Fearful Symmetries

Witness a machine turn coffee into pointless ramblings...

21 November, 2012

Oliver Stone Takes On American History

Oliver Stone's Untold History of the United States debuted last week. From what I'd read about it, it wasn't going to be a conspiracy-laden look at The Great Satan or any such thing but rather a look at the history of the United States post-WWII that isn't widely known and that doesn't feed into the myths we tell ourselves about American exceptionalism. I have watched the first episode and can say that it was not a menagerie of conspiracies. It was apparently Stone's intention that the series start in the late 19th century and cover World War I but there just wasn't enough money to do more than ten episodes. That and he didn't want to overwhelm viewers with context, thusly the series starts with World War II.

Stone*** opens the show by stating his intentions and his disappointment that the history lessons his kids received in school consisted of the same schlock that he was taught. Hence this program which he hopes can contribute to a better understanding of history and provide direction and hope for change.

In a bit shy of an hour, Stone gives us an overview of World War II. The narration is his and there are no talking heads. Although quotes and the text of some speeches that were never recorded are heard here, there are also no recognizable celebrities doing the deed. Stone is avoiding the Ken Burns pathos trap here. (And I have to wonder if some of the maps that look like they were lifted from an old newsreel were, in fact, newly created.) After Stone's prologue we get a very brief look at the Manhattan Project, mainly Trinity. An interesting choice as it merely foreshadows later episodes in the series.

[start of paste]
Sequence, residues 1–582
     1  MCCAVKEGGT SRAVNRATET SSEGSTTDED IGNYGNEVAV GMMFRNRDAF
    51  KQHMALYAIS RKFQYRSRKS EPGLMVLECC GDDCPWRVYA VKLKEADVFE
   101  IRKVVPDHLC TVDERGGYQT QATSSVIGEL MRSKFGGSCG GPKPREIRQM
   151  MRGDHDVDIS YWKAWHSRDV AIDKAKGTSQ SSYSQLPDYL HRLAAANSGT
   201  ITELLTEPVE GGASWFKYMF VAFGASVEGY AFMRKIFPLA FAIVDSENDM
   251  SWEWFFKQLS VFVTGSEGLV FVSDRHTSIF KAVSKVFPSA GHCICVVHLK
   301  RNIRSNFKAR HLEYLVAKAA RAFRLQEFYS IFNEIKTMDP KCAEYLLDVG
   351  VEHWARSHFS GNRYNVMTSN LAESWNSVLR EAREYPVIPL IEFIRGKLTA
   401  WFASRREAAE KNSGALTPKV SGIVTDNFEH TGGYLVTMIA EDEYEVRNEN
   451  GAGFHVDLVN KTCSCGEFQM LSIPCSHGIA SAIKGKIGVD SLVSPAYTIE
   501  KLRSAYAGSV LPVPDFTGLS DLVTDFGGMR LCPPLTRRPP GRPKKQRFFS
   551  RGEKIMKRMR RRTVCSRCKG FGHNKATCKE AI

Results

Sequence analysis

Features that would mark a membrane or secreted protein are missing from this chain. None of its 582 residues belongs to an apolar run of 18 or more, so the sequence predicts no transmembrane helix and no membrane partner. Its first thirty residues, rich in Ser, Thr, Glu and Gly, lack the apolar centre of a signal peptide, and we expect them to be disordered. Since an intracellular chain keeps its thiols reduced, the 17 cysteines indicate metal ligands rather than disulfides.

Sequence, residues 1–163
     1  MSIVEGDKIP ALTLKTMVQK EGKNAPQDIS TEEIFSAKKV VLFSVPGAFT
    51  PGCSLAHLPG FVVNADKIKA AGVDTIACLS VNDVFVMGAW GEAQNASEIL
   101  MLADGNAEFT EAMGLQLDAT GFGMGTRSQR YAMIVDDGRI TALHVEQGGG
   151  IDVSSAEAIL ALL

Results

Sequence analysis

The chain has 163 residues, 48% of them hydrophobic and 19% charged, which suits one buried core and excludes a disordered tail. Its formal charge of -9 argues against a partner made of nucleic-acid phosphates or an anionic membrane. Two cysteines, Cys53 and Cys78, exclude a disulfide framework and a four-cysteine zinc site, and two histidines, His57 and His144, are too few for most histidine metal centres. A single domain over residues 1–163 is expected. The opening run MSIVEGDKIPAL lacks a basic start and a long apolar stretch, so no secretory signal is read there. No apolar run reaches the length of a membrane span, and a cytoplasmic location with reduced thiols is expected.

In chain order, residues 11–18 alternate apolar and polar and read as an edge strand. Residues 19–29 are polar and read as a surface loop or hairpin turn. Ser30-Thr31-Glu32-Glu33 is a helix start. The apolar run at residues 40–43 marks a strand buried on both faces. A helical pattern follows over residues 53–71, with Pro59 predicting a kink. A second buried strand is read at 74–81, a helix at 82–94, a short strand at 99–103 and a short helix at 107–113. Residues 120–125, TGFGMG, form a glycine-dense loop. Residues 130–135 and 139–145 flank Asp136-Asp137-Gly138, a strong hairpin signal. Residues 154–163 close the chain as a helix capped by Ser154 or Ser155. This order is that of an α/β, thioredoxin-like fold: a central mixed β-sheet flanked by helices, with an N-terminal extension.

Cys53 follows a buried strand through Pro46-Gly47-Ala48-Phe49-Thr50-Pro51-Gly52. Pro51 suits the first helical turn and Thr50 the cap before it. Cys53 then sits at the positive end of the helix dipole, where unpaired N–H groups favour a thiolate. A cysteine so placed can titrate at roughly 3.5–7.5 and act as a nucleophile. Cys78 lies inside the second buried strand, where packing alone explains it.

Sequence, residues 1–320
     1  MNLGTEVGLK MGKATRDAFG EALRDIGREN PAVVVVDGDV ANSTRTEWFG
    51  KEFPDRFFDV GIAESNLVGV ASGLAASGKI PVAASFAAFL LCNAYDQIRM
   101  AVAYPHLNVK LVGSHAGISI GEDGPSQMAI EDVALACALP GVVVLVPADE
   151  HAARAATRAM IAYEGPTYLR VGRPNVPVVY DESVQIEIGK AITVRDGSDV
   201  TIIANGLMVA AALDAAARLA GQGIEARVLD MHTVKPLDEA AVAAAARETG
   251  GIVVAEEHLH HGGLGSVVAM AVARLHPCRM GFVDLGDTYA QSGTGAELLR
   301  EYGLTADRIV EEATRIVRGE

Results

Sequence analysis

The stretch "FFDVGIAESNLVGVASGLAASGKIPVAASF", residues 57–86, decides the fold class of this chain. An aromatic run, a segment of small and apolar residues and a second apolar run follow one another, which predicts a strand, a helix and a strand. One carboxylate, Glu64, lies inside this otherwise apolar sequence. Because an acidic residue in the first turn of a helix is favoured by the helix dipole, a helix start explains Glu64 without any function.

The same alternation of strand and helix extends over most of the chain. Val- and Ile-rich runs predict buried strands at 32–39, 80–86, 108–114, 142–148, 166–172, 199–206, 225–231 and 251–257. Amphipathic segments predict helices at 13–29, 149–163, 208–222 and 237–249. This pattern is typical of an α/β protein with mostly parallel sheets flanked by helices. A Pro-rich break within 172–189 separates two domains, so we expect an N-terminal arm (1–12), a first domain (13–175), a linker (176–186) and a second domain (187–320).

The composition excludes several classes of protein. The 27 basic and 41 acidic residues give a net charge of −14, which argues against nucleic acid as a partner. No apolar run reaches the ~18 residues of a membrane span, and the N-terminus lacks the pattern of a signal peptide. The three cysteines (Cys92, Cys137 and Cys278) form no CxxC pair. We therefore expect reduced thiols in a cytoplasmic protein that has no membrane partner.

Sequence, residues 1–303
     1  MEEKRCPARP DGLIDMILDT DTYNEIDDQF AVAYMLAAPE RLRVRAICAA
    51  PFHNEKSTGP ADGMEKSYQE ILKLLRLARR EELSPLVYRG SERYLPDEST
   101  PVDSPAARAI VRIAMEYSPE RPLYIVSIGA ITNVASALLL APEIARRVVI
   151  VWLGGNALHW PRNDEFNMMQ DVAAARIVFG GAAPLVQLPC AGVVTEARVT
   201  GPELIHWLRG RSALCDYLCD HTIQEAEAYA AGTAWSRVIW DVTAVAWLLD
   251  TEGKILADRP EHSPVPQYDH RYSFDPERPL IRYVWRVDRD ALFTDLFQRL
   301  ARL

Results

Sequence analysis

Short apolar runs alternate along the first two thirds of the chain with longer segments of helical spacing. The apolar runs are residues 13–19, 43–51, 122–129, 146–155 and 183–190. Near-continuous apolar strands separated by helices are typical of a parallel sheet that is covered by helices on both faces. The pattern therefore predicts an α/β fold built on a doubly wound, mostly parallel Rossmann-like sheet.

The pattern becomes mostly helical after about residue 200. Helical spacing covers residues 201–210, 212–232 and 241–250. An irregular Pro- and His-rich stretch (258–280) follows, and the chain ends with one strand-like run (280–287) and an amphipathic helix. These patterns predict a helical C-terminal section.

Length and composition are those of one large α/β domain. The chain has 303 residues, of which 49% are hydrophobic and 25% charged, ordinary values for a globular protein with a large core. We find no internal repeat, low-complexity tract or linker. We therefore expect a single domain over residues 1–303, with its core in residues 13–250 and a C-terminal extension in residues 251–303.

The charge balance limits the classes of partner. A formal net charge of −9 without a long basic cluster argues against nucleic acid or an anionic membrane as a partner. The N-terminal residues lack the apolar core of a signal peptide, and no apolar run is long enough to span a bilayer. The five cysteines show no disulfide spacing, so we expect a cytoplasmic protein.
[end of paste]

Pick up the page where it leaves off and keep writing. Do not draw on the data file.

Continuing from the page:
When the show finally does get moving with WWII, it starts in a way that is foreign to a lot of people. Stone says that it started in 1931 when Japan invaded Manchuria as opposed to Germany's invasion of Poland in 1939. It's really a semantic issue with Stone declaring an act that is generally considered to be prologue to be part of the war proper. But it does set up America's entrance into the war. It's also worth noting for conservative-minded Stone haters out there that the program didn't do much to cover the imperial ambitions of the United States. Thusly we are told about Japan's encroachment in the Pacific but the Spanish-American War is not covered so no explanation is ever given for why places thousands of miles away from North America such as the Philippines, Guam, Midway Atoll, Wake Island, and Hawaii were "ours".

Still, there's more of a sense of the war as being the product of geopolitical maneuvering than you often times get.

The second aspect of the program that caught my eye was the emphasis put on Roosevelt's anti-imperialism. He and Churchill are generally looked at as being good buddies but, at their meeting in August 1941 in Newfoundland which produced The Atlantic Charter, Roosevelt was rather antagonistic. He told his son before the meeting, "We've got to make clear to the British from the very outset that we don't intend to be simply a good-time Charlie who can be used to help the British Empire out of a tight spot, and then be forgotten forever." Churchill, presiding over the British Empire, couldn't have been too enthusiastic about the egalitarian tone of the Charter. But he needed the U.S. to enter the war.